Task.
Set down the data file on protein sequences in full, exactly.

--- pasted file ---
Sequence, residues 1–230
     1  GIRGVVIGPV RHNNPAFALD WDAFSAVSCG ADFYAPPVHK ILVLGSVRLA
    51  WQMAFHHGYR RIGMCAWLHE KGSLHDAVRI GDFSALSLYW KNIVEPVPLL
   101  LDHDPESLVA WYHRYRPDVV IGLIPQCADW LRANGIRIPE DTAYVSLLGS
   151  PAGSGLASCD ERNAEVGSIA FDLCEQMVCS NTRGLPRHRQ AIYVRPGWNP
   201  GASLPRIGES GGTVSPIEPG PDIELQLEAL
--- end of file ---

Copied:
Sequence, residues 1–230
     1  GIRGVVIGPV RHNNPAFALD WDAFSAVSCG ADFYAPPVHK ILVLGSVRLA
    51  WQMAFHHGYR RIGMCAWLHE KGSLHDAVRI GDFSALSLYW KNIVEPVPLL
   101  LDHDPESLVA WYHRYRPDVV IGLIPQCADW LRANGIRIPE DTAYVSLLGS
   151  PAGSGLASCD ERNAEVGSIA FDLCEQMVCS NTRGLPRHRQ AIYVRPGWNP
   201  GASLPRIGES GGTVSPIEPG PDIELQLEAL